Sunday, June 29, 2014
Sunday Sludge: Possessor - "Electric Hell"
It's funny what you come across, the ways things serendipitously collide to smack your face cold and point you in one direction over another. My day job puts me behind a desk from lying delinquents, some just punked-out teens and others entirely tracked toward the justice system's carousel. As one cherubic drug-dabbler explained why city curfew was broken, she offered a long tale about her friend being hospitalized after trying to flatten himself with an oncoming train. When I asked what her friend had taken that night, she responded "Nothing. He was possessed."
Alright, I had to call bullshit on this. But it stuck with me, half-funny and half-curious. So stumbling upon London's Possessor just two days later first had me rolling my eyes at irony. But this "occult metal" outfit delivers exactly what this blog is all about on the nine-track Electric Hell. It's not a sludge record, it just has those sludge trademarks. It's not doomed-out, smoked-out, or psyched-out, but the fuzz pairs with low-wrought rhythmic groove to clot what has immediately emerged as one of my favorite albums of 2014.
When whispers of occultism weave through a band's themes, the results are often campy and borderline cringe-worthy. Possessor kicked expectations down a ravine and hold enough balance between stripped-down, hollow cruisers and slow timber-turners to keep these songs in heavy rotation this weekend. Blasting through the gate and scurrying with skittish Manson family pacing, Chasms of Malice and Invisible Face hold palpable groove but still riff the fuck out. Frets are fondled and filtered through layers of fuzz and that low bass rumble tickles the insides. Vocals benefit from a veil and bark from darkness, but the throwback elements take the spotlight on this tandem. The long, swirling passages pause only to quickly return and burn up every ounce of daylight.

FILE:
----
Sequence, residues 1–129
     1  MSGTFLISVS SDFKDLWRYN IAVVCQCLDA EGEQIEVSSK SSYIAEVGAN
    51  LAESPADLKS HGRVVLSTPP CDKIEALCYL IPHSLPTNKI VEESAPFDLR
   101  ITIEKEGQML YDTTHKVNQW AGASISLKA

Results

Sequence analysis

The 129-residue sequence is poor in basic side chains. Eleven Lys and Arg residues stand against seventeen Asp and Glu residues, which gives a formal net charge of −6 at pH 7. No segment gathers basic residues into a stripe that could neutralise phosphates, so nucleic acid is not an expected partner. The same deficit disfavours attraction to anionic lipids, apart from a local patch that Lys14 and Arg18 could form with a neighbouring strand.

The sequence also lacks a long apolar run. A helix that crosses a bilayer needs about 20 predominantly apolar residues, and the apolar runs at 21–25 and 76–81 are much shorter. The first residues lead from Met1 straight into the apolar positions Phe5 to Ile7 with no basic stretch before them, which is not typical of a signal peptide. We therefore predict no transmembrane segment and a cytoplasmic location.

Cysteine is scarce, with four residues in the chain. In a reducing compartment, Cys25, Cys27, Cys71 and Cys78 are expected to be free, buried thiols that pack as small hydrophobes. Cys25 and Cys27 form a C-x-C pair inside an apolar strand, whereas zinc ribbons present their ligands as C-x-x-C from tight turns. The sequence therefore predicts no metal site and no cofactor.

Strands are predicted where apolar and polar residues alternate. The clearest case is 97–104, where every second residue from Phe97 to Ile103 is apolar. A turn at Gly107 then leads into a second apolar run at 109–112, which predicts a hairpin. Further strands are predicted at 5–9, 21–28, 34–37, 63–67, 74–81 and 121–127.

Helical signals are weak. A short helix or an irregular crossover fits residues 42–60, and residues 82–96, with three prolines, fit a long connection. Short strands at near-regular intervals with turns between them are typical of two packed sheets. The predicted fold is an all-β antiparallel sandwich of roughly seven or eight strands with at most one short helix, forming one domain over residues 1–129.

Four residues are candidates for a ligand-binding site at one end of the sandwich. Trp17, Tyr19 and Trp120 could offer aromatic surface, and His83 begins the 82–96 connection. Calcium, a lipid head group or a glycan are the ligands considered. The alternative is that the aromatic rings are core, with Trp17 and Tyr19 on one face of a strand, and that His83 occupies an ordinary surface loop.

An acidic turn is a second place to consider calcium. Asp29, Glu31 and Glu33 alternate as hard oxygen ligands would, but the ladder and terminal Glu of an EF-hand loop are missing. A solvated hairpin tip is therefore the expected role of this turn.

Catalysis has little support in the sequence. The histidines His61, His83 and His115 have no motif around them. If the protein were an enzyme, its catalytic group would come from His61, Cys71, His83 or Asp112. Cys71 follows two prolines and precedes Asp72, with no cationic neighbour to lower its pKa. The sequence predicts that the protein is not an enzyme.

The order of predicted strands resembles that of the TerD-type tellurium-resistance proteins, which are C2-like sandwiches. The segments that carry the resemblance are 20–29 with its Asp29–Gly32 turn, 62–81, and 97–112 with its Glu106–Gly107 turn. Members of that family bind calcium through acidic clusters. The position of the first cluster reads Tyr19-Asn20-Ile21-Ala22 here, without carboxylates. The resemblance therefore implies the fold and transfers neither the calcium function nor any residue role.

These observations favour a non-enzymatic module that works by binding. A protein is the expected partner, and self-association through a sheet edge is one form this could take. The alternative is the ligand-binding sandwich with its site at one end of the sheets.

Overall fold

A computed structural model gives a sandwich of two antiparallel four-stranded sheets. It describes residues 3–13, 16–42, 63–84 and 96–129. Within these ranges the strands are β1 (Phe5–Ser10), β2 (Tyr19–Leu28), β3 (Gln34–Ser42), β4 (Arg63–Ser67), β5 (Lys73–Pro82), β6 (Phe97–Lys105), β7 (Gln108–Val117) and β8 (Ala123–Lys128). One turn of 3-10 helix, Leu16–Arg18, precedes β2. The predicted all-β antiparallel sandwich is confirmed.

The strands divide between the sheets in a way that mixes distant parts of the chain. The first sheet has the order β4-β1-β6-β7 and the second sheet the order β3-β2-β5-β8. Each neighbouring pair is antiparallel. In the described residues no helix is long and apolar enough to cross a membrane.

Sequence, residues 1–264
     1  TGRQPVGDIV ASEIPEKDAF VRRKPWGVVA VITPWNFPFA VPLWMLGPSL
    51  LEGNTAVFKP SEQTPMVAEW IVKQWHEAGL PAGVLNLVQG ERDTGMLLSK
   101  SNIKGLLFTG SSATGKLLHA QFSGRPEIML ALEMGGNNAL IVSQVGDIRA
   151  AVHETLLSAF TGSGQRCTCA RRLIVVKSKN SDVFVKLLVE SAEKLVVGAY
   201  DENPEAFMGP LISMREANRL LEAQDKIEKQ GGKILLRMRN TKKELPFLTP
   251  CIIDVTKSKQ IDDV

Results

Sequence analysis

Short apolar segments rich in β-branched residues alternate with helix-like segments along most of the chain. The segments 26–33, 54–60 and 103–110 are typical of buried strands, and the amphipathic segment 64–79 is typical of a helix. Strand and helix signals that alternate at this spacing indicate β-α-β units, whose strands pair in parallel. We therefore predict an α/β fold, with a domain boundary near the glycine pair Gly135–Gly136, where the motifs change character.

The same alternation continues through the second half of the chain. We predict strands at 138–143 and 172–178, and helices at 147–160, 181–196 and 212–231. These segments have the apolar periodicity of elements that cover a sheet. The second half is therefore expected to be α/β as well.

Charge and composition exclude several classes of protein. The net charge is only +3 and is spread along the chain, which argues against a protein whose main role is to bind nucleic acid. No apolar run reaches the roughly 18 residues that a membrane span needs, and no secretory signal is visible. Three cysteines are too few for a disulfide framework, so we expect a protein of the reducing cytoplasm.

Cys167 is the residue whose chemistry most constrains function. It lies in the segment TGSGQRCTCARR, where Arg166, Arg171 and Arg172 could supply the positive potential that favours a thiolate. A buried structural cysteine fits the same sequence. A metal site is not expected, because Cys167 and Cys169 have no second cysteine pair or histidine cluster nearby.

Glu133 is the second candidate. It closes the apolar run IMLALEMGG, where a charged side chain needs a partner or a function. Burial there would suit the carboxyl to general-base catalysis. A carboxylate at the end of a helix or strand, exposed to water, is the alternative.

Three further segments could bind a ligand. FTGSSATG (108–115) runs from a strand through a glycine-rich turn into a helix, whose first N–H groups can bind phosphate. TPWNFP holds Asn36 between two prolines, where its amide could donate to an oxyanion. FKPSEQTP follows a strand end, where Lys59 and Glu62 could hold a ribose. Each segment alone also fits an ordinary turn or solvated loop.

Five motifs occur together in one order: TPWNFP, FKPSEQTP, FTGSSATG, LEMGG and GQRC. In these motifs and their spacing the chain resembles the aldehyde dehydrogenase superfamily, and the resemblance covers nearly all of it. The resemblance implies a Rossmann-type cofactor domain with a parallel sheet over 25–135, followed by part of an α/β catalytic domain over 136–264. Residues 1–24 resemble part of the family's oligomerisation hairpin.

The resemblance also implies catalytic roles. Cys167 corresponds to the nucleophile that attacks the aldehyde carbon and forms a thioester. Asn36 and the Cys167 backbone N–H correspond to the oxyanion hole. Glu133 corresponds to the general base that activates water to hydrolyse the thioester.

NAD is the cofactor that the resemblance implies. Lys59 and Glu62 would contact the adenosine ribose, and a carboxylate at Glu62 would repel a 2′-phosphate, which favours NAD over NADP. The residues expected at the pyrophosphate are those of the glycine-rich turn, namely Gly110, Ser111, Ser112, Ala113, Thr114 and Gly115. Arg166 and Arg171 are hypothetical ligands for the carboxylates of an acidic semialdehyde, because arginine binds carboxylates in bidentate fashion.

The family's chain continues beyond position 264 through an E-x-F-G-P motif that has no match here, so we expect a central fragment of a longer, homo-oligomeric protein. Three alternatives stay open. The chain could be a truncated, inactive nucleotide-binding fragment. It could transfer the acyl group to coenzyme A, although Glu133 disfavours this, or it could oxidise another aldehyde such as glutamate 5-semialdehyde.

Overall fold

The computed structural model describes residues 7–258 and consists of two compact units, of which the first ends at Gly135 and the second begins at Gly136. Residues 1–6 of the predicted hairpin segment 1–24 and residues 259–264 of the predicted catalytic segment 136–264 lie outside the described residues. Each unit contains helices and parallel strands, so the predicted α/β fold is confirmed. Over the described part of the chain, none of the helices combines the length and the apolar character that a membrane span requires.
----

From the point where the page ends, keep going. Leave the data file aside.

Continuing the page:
Perfectly-placed are the towering jambs Limb from Limb and Heavy Dreams. Slowing, thickening, and chugging toward a sticky swamp, the former slings enough viscous shit to pull you off course, while the slow-burning rumble of the latter slugs low and gutteral. THIS is why we're here this morning. These rugburns are simply collateral damage, and we can only gape in awe as the sludge-doom pillars crack and collapse.
Oh, but the closing triptych may be Possessor's best self-sketch, illustrating perfectly what this band aims to do. Bookended with the instrumental Skeletal Form and Electric Hell, dark and nebulous nuances emerge through the unbearably heavy filth. Despite its vocal's absence, Skeletal Form stands as the album's most complete track. Drums earn a medal here, and you can't ignore the possibility of some fucked-up backmasked messages. Face the Possessor is fifth-gear stoner-metal dominated by a more evil, more cryptic vocal than previous tracks. And *gasp*! A guitar solo?! The closing title track is the band's coup, though, steadily summoning disciples and tramping toward a sacrifice. Immediately epic in its brooding feedback, this drawn-out, strung-out death rattle is gorgeously haunting and malevolent. There's steady ascent, but this is truly a calculated administration of sludge-doom demise.
The barely detectable but ever-growing burn at the base of your skull could be any number of things. Possessor understand you can't just light a torch, you've gotta control it. Weaving through Electric Hell is more than a hush of evil, it's nearly saturated. But the craft is never lost and the shifts never let the taste sit on our lips too long. Just as nostalgia peaks, Possessor veer on their own course and take us deep into heavy thickets of varying densities. Don't worry when nobody believes you.
For fans of: Black Sabbath, St. Vitus, Fu Manchu
Pair with: Two Women Classic Country Lager, New Glarus Brewing Co.